As mentioned in Science, a new report from the US Academies of Sciences, Engineering, and Medicine have deduced we have a problem with too many PhDs and not enough of the jobs that they want.
The report responds to many years of warning signs that the U.S. biomedical enterprise may be calcifying in ways that create barriers for the incoming generation of researchers. One of the biggest challenges is the gulf between the growing number of young scientists who are qualified for and interested in becoming academic researchers and the limited number of tenure-track research positions available. Many new Ph.D.s spend long periods in postdoctoral positions with low salaries, inadequate training, and little opportunity for independent research. Many postdocs pursue training experiences expecting that they will later secure an academic position, rather than pursuing a training experience that helps them compete for the range of independent careers available outside of academia, where the majority will be employed. As of 2016, for those researchers who do transition into independent research positions, the average age for securing their first major NIH independent grant is 43 years old, compared to 36 years old in 1980.
No mention (in the executive summary / PR blurb) that the age of first R01 has been essentially unchanged for a decade despite the NIH ESI policy and the invention of the K99 which is limited by years-since-PhD.
No mention of the reason that we have so many postdocs, which is the uncontrolled production of ever more PhDs.
On to the actionable bullet points that interest me.
Work with the National Institutes of Health to increase the number of individuals in staff scientist positions to provide more stable, non-faculty research opportunities for the next generation of researchers. Individuals on a staff scientist track should receive a salary and benefits commensurate with their experience and responsibilities.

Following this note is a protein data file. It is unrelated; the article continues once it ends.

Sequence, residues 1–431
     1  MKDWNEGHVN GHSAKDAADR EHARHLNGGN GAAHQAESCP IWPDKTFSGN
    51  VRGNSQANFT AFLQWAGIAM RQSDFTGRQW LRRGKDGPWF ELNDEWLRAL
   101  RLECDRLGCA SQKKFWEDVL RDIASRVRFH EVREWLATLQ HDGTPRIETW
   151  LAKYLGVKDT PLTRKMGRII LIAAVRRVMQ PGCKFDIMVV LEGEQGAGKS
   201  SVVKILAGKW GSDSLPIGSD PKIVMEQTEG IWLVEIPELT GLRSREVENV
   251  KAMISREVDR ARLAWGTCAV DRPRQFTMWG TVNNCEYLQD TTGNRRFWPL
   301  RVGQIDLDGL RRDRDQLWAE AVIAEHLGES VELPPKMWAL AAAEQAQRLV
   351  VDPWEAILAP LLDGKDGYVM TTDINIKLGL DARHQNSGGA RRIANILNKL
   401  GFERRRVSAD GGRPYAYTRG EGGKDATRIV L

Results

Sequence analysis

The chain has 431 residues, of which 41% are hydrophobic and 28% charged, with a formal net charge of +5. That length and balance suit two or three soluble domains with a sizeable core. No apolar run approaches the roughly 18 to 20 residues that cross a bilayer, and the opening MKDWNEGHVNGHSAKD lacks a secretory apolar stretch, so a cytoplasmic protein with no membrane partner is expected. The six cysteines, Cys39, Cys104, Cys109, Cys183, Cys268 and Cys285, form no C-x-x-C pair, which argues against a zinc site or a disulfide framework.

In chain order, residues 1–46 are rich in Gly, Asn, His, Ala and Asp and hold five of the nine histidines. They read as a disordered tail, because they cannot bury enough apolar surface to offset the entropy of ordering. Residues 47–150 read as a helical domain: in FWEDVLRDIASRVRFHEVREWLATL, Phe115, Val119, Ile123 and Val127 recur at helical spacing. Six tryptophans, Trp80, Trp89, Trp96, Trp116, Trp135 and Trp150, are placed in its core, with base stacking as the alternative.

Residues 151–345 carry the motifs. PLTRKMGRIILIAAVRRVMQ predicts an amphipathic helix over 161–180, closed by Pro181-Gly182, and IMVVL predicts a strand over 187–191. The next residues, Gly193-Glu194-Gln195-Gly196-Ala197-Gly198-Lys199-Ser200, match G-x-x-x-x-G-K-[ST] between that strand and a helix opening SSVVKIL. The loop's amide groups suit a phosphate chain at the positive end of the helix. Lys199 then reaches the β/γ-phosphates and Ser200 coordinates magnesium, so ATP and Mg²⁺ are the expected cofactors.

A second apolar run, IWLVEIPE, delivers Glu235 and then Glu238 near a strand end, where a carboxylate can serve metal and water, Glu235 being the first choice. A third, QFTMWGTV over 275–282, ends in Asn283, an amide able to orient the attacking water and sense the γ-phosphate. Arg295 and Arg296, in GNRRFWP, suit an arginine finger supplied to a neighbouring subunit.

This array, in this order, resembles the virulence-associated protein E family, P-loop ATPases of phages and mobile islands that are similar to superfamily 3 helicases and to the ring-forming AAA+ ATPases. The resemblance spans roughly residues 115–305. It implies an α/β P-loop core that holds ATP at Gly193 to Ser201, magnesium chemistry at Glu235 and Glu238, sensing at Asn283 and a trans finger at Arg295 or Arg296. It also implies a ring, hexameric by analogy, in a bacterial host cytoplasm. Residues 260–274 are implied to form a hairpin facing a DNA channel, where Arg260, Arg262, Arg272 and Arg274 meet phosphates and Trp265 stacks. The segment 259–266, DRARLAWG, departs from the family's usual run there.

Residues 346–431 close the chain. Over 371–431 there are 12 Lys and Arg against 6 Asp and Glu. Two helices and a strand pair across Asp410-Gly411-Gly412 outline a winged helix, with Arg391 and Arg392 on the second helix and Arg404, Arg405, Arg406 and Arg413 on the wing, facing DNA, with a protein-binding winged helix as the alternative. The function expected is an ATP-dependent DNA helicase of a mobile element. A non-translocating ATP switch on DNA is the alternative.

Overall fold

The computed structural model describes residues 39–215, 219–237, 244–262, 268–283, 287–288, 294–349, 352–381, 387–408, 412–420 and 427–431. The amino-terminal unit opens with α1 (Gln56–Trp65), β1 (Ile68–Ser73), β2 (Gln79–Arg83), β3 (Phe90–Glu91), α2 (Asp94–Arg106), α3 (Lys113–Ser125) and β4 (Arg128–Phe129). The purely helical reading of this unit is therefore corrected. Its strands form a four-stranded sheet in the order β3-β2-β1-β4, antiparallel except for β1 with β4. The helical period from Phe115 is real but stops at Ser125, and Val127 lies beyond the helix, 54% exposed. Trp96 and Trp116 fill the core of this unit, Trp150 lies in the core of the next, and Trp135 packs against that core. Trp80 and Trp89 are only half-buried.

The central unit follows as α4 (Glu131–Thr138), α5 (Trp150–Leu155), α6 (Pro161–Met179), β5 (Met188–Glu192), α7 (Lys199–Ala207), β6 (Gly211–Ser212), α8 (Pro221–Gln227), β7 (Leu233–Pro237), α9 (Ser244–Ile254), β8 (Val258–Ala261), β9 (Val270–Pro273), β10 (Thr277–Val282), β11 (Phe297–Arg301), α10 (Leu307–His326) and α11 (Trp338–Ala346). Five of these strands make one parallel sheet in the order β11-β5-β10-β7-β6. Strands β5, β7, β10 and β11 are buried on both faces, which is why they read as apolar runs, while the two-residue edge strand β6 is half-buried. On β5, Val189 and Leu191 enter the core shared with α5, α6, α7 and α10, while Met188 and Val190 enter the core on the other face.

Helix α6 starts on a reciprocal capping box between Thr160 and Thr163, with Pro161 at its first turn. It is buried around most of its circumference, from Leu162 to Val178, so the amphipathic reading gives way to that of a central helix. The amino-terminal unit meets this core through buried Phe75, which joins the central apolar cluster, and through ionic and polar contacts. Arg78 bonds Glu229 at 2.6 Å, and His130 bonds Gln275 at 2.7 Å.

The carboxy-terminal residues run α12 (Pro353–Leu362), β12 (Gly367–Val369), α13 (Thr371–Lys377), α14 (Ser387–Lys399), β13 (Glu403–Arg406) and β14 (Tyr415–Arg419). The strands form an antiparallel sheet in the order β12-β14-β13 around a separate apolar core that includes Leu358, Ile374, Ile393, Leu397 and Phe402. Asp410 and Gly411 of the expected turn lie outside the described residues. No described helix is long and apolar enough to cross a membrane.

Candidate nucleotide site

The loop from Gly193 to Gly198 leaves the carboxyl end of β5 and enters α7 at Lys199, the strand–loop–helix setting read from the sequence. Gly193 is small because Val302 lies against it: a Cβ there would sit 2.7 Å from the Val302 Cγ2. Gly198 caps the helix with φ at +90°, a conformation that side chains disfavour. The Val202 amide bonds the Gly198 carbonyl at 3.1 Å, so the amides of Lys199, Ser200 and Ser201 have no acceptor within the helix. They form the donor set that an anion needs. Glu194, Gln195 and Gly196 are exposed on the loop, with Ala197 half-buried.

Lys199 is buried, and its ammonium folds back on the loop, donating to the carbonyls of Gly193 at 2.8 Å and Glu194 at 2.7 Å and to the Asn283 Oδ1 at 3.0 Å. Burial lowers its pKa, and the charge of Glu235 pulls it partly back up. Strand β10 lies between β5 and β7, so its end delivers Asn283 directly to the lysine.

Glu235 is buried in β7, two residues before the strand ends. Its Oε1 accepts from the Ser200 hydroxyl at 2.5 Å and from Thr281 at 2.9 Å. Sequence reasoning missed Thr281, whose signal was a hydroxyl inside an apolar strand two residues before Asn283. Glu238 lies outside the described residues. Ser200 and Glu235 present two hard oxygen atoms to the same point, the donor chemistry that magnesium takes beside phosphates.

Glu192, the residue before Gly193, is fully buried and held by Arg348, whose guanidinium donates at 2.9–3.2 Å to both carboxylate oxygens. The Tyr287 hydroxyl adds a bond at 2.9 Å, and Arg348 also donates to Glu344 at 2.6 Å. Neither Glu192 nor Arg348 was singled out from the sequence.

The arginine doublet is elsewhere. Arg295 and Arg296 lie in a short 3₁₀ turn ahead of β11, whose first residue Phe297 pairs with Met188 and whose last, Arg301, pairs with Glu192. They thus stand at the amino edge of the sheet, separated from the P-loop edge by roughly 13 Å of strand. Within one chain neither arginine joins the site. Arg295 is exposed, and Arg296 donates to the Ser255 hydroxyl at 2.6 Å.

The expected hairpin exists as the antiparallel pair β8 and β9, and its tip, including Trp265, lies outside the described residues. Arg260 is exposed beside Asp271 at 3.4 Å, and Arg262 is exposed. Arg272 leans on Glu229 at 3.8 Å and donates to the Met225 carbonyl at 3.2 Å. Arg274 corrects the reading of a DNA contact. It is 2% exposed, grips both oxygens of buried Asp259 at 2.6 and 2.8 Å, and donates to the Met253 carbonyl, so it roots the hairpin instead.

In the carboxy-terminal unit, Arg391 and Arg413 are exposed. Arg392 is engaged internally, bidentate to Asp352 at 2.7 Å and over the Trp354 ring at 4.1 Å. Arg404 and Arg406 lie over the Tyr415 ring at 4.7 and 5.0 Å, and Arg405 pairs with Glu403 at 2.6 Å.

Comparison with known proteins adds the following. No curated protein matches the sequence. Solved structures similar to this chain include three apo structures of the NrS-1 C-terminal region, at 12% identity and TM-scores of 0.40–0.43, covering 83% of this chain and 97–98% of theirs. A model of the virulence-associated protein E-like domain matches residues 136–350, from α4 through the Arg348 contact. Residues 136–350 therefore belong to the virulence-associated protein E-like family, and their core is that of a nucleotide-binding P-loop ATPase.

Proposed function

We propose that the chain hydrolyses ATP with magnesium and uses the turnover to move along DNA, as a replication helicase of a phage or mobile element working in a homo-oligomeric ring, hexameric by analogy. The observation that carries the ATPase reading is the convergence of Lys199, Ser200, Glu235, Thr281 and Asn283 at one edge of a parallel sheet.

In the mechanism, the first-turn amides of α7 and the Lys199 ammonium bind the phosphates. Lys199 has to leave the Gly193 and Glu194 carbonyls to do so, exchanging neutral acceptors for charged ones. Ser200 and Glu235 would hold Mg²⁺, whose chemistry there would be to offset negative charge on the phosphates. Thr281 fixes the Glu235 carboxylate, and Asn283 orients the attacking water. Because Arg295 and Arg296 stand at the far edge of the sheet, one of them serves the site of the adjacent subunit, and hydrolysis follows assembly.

This is a recommendation for research institutions but we all need to think about this. The NCI launched the R50 mechanism in 2016 and they have 49 of them on the books at the moment. I had some thoughts on why this is a good idea here and here. The question now, especially for those in the know with cancer research, is whether this R50 is being used to gain stability and independence for the needy awardee or whether it is just further larding up the labs of Very Important Cancer PIs.
Expand existing awards or create new competitive awards for postdoctoral researchers to advance their own independent research and support professional development toward an independent research career. By July 1, 2023, there should be a fivefold increase in the number of individual research fellowship awards and career development awards for postdoctoral researchers granted by NIH.
As we know the number of NIH fellowships has remained relatively fixed relative to the huge escalation of "postdocs" funded on research grant mechanisms. We really don't know the degree to which independent fellowships simply annoint the chosen (population wise) versus aid the most worthy and deserving candidates to stand out. Will quintupling the F32s magically make more faculty slots available? I tend to think not.